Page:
At the same time, the Creator of the entire universe with its billions of galaxies and stars is not distant and impersonal. He is close and caring. He loves you. He speaks to you personally in His Word. He is concerned even about little things. “Are not two sparrows sold for a penny? Yet not one of them will fall to the ground apart from the will of your Father. And even the very hairs of your head are all numbered” (Matthew 10:29-30). So we don’t have to fear. We have something better than a missile defense shield or a chain link fence topped with razor wire around our homes. The one and only Creator of the stars is our shield.
To reassure Abram God took him outside and said, “Count the stars if you are able. That is how many descendants you will have.” It must have been mind-boggling for Abram to imagine a face represented by each twinkling point of light in the sky. He knew how impossible it was by any human calculation. All he had to do was look at Sarah’s wrinkled face and the toll of 85 years on his own body.
Yet “he believed in the Lord, and He accounted it to him for righteousness.” [v.6] This has been called the most important verse in the Bible, because it tells how we receive the holiness or right-standing we need for eternal life. Abram did not earn it by doing good. He did not get it by his good character or because of his ethnic heritage. He believed, and God credited that faith as righteousness in His sight.
Even believing was not something Abram did as his contribution toward salvation. He did not make a decision for God. Rather, God reached out to Abram and caused him to believe. It is like a parent who holds up a nine-month-old baby so that he can take a few steps. It might look as though he is walking on his own, but it’s the parent's arms supporting his weight and holding him straight. Faith, likewise, is God's work within us, not our own doing.
That faith is an amazing gift of God. It sees the invisible, believes the incredible, and receives the impossible. “Faith is being sure of what we hope for and certain of what we do not see” (Hebrews 11:1). Abram believed that he and Sara would have a son and that eventually from his family one very special son would be born—the One promised first to Adam and Eve, the One who would crush the Devil’s head by giving up His own life in payment for the sin of all the world. By faith Abram was credited with that saving work long before Jesus was even born.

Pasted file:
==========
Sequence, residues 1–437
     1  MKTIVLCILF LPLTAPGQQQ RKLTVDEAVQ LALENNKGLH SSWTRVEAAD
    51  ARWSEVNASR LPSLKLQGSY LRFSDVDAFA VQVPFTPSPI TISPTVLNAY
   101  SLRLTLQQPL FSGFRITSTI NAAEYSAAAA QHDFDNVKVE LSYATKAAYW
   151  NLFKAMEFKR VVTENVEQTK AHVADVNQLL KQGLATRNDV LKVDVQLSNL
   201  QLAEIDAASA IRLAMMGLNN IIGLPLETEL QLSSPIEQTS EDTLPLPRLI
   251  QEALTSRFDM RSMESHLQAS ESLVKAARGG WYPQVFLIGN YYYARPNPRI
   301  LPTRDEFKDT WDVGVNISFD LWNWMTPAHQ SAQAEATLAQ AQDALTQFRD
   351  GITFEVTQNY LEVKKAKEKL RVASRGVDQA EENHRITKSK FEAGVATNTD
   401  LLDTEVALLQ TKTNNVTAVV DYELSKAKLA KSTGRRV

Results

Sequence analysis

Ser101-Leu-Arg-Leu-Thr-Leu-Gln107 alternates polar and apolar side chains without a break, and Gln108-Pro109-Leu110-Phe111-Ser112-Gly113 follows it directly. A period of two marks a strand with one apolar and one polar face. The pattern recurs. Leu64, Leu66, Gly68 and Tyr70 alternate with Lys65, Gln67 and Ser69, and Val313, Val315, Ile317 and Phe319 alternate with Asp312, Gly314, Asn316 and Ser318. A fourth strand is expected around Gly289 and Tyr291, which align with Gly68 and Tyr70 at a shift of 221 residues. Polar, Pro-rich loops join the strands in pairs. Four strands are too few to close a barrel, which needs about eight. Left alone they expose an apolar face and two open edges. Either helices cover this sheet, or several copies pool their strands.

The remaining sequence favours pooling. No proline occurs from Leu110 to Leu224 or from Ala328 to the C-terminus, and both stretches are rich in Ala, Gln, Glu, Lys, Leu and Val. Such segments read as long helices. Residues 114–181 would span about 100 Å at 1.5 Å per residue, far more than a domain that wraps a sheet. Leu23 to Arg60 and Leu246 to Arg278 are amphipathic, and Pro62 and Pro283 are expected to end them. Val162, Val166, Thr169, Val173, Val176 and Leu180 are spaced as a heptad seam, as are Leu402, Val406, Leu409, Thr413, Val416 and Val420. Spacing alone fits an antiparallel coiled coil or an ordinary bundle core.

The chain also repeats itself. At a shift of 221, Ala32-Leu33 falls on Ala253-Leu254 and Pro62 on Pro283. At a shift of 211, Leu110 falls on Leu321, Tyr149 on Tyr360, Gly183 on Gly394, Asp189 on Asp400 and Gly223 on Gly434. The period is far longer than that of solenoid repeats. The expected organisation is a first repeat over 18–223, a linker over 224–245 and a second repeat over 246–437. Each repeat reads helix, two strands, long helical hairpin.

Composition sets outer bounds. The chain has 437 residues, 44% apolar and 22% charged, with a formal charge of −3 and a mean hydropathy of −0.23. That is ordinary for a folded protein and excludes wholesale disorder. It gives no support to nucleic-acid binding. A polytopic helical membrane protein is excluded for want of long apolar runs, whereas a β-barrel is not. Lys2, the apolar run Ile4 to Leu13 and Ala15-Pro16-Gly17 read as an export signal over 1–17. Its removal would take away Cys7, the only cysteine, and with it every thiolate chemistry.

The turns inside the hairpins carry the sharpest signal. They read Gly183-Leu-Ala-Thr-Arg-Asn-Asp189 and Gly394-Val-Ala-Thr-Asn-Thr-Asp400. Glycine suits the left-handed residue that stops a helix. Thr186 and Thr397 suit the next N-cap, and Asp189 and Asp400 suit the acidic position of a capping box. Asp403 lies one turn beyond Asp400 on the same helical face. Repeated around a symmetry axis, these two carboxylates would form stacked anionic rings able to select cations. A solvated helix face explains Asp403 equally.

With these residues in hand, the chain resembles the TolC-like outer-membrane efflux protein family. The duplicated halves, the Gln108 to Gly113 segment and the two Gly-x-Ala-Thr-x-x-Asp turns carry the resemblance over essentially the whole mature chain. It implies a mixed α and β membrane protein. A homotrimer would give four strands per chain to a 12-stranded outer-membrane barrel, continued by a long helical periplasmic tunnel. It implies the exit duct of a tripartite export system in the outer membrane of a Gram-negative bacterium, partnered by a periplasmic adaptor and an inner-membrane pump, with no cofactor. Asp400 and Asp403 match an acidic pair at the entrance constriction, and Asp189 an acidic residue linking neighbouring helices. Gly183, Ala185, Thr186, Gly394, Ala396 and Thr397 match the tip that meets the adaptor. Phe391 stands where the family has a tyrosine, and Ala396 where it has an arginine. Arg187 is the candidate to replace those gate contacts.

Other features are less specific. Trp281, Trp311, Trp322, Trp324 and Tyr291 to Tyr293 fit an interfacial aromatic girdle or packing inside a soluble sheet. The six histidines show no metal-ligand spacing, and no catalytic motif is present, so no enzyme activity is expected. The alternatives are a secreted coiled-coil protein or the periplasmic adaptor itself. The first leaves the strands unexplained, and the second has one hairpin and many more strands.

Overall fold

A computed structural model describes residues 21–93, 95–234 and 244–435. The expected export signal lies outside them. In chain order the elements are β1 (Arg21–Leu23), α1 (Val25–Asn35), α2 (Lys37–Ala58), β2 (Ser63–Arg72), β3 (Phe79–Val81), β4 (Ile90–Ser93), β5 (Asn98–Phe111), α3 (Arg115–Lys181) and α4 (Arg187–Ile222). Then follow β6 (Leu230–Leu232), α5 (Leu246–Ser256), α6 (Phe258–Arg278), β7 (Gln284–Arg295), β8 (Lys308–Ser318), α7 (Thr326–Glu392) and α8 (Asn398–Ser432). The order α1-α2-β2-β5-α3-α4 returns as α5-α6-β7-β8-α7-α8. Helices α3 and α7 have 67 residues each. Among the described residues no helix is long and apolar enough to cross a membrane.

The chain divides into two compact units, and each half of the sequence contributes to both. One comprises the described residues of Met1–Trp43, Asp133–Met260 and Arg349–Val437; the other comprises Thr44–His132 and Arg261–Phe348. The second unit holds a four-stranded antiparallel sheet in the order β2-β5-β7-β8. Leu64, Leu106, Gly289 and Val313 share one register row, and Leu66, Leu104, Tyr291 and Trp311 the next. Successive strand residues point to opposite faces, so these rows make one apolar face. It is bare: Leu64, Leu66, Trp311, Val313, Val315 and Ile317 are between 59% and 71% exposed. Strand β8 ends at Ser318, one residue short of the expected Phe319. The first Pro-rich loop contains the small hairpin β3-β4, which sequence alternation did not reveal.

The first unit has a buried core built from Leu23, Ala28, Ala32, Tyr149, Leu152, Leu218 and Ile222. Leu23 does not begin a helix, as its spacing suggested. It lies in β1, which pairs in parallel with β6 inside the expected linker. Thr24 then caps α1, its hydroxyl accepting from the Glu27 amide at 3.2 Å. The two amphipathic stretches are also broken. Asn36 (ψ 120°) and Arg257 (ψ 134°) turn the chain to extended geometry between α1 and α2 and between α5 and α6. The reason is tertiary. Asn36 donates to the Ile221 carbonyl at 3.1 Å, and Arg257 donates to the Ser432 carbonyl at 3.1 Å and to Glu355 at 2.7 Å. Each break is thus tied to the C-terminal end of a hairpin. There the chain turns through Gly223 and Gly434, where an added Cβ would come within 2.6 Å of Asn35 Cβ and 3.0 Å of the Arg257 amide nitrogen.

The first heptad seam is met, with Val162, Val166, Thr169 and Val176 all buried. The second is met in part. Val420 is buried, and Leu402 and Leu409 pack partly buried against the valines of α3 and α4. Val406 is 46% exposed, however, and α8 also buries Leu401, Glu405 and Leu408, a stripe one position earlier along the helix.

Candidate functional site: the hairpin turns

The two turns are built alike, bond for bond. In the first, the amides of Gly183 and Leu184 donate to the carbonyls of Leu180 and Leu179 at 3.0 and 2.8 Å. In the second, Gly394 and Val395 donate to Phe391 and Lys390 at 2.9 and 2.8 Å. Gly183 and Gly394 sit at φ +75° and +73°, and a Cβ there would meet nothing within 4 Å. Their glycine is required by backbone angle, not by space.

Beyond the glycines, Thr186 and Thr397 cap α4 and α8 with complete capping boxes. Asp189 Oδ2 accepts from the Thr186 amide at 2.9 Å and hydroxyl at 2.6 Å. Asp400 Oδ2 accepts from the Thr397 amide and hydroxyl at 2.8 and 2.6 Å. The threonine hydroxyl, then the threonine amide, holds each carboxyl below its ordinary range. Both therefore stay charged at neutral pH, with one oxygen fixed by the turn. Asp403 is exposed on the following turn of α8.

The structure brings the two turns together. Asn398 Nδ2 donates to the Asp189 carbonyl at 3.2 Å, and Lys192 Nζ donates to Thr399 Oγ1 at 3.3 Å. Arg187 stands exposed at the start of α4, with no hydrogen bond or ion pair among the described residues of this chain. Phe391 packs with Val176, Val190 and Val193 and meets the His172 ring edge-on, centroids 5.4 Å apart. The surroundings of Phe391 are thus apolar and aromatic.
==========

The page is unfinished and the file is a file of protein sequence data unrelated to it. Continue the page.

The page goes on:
There is still only one way to be right with God and receive eternal life and that is by believing. It is not just believing that God exists or that He is holy and good. Paul says in Romans 4: “The words ‘it was credited to him’ were written not for him alone, but also for us, to whom God will credit righteousness-for us who believe in Him who raised Jesus our Lord from the dead. He was delivered over to death for our sins and was raised to life for our justification.” (Romans 4:22-25 NIV)
The heart of saving faith is believing that Jesus is God’s Son who lived a holy life, not merely as a good example, but as our stand-in under the Law. He has given us His righteousness, and in exchange took our sin on Himself and suffered the penalty of Hell for us on the cross. He did it all for us. It is all ours as a free gift. God the Judge pronounces us “Not guilty!” Our own pathetic goodness and efforts played no part whatsoever. “For it is by grace you have been saved, through faith—and this not from yourselves, it is the gift of God—not by works, so that no one can boast” (Ephesians 2:9 NIV).
Faith in God is never disappointed. At just the right time Abram and Sarah had a son just as God had said. Over the years Abram’s family grew until they numbered in the millions when God led them out of Egypt into the Promised Land. And at just the right time, Jesus was born. He lived, died, rose again, and now lives and rules at the Father’s right hand. Again, at just the right moment He will return and take all believers home to eternal life in Heaven.
The fulfillment of God’s promises to Abram is the assurance that He will certainly keep His word to us as well. We have nothing to fear, for He says: “Though your sins are like scarlet, they shall be as white as snow….Call upon me in the day of trouble, I will deliver you….Surely I am with you always to the very end of the age….In all things I work for the good of those who love me….No one can snatch you out of My hand” (Isaiah 1:18, Psalm 50:15, Matthew 28:20, Romans 8:28, John 10:28).
Take time tonight to look at the stars. Think of Abram looking up toward them at God’s direction. Think of the power and majesty of the Creator God who put each star in place and keeps it shining. Think of the saving message God attached to the stars, the promise of innumerable descendants of Abram and One in particular, who would die that you and I might live forever. Look at the stars, take God’s message to heart, and believe! Amen.
The God of Abram praise,
Who’s all-sufficient grace
Shall guide me all my pilgrim days
In all my ways.
He deigns to call me friend;
He calls Himself my God.
And He shall save me to the end
Through Jesus’ precious blood.
(Lutheran Worship 450:3)
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All scripture quotations, unless otherwise indicated, are taken from the New King James Version®. Copyright © 1982 by Thomas Nelson, Inc. Used by permission. All rights reserved.
Scripture quotations marked (NIV) are taken from the HOLY BIBLE, NEW INTERNATIONAL VERSION®. NIV®. Copyright© 1973, 1978, 1984 by International Bible Society. Used by permission of Zondervan. All rights reserved.